if [[ -f "$f" ]]; then 
      echo mv -v -- "$f" "$i"; 
for g in [![:alpha:]]*; do 
  if [[ -f "$g" ]]; then 
    echo mv -v -- "$g" \#

Remove echo after testing to actually move the files

And then

rename -n 'y/[a-z]/[A-Z]/' *

remove -n if it looks good after testing and run again.

  • 2
    You can use if [[ -d "${i^}" ]] to make the variable i capital, and mkdir {A..Z} at the start.
    – Arronical
    Jan 10, 2017 at 11:04
  • Let me try this and see
    – Parto
    Jan 10, 2017 at 11:43
  • @Arronical thanks! I will leave it however, since you posted it your own way
    – Zanna
    Jan 10, 2017 at 11:53
  • @Zanna I like that we came at it from different directions, iterating through the letters and using them as search criteria had never occurred to me. I'm sure there's a clever and fast solution with find, but can't get my head around it!
    – Arronical
    Jan 10, 2017 at 13:38
  • Hey Zanna, this didn't move the fonts that start with an uppercase letter. Otherwise worked fine.
    – Parto
    Jan 10, 2017 at 13:48

The following commands within the directory containing the fonts should work, if you want to use from outside the font storage directory, change for f in ./* to for f in /directory/containing/fonts/*. This is a very shell based method, so quite slow, and is also non-recursive. This will only create directories, if there are files which start with the matching character.

mkdir "$target"
for f in ./* ; do 
  if [[ -f "$f" ]]; then 
    if [[ $dir != [A-Z] ]]; then 
      mkdir -p "${target}/#" && mv "$f" "${target}/#"
      mkdir -p "${target}/$dir" && mv "$f" "${target}/$dir"

As a one liner, again from within the font storage directory:

target=/directory/to/store/alphabet/dirs; mkdir "$target" && for f in ./* ; do if [[ -f "$f" ]]; then i=${f##*/}; i=${i:0:1} ; dir=${i^} ; if [[ $dir != [A-Z] ]]; then mkdir -p "${target}/#" && mv "$f" "${target}/#"; else mkdir -p "${target}/$dir" && mv "$f" "${target}/$dir" ; fi ; fi ; done

A method using find, with similar string manipulation, using bash parameter expansion, which will be recursive, and should be somewhat quicker than the pure shell version:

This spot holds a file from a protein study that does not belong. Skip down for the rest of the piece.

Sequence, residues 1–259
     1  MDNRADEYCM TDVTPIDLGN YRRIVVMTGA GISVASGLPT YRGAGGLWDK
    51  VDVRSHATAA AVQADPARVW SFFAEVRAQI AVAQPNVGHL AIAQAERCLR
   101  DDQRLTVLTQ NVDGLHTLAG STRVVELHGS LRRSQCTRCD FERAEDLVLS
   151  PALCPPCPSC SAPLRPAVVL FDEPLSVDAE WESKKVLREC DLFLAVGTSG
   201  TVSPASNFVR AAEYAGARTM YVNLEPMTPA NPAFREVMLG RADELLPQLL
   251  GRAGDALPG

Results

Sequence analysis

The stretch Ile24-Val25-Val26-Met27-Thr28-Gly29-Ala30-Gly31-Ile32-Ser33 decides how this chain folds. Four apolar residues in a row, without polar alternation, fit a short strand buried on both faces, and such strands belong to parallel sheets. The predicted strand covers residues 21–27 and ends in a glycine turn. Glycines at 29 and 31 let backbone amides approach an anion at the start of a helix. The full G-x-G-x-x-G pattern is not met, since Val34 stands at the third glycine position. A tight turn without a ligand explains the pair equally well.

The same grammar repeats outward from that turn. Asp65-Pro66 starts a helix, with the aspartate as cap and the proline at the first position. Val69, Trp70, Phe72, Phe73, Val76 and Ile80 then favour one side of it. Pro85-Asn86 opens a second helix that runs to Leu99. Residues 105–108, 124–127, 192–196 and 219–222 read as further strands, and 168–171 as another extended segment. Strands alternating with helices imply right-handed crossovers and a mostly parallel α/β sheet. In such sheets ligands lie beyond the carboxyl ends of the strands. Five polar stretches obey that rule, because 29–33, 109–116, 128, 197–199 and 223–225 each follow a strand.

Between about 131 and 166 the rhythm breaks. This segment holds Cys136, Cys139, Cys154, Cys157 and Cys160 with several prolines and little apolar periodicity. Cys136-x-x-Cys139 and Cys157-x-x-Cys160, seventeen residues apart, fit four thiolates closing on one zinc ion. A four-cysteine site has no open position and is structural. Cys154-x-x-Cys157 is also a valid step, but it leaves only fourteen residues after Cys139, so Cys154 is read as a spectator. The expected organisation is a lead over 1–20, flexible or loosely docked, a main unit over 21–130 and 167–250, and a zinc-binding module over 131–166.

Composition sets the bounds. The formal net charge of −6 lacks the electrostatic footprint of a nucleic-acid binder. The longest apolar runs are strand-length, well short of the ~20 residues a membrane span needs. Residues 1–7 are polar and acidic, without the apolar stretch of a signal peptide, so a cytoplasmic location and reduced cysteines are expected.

find . -type f -exec bash -c 'target=/directory/to/store/alphabet/dirs ; mkdir -p "$target"; f="{}" ; i="${f##*/}"; i="${i:0:1}"; i=${i^}; if [[ $i = [[:alpha:]] ]]; then mkdir -p "${target}/$i" && mv "$f" "${target}/$i"; else mkdir -p "${target}/#" && mv "$f" "${target}/#"; fi' \;

Or more readably:

find . -type f -exec bash -c 'target=/directory/to/store/alphabet/dirs 
   mkdir -p "$target"
   if [[ $i = [[:alpha:]] ]]; then 
      mkdir -p "${target}/$i" && mv "$f" "${target}/$i"
      mkdir -p "${target}/#" && mv "$f" "${target}/#"
   fi' \;
  • This one worked too. Even for uppercase and lowercase letters.
    – Parto
    Jan 10, 2017 at 14:01

Map each filename to a directory name using tr, then mkdir and mv:

find /src/dir -type f -print0 |
xargs -0 -I{} bash -c \
  'dir=/dest/$(basename "{}" | cut -c1 | tr -C "a-zA-Z\n" "#" | tr "a-z "A-Z"); mkdir -p $dir; mv "{}" $dir'
  • I really like this, this is along the lines of what I was grasping for with my wish to use find. Is there a way to only create upper case directory names, and move lower case filenames into them?
    – Arronical
    Jan 10, 2017 at 17:52
  • 1
    I added another tr to convert to uppercase.
    – xn.
    Jan 10, 2017 at 17:57
  • Why the detour through xargs just to call bash again? Wouldn't it be simpler and much more readable to pipe the output of find into a while-loop and read it there record-by-record? Jan 10, 2017 at 20:08
  • Good question, @DavidFoerster. I guess bias against loops in one-liners and preference for a more functional approach. But a bash script in a string isn't very elegant either, so I'd say the while loop version (bit.ly/2j2mhyb) is perhaps better.
    – xn.
    Jan 10, 2017 at 20:40
  • By the way, you can avoid the nasty {} substitution if you let xargs append the argument and then refer to $1 inside the shell script, e. g.: xargs -0 -n1 -- bash -c 'dir=/dest/$(basename "$1" | ...); ...; mv "$1" "$dir"' _. (Mind the final _!) Jan 10, 2017 at 20:45

You must log in to answer this question.

Not the answer you're looking for? Browse other questions tagged .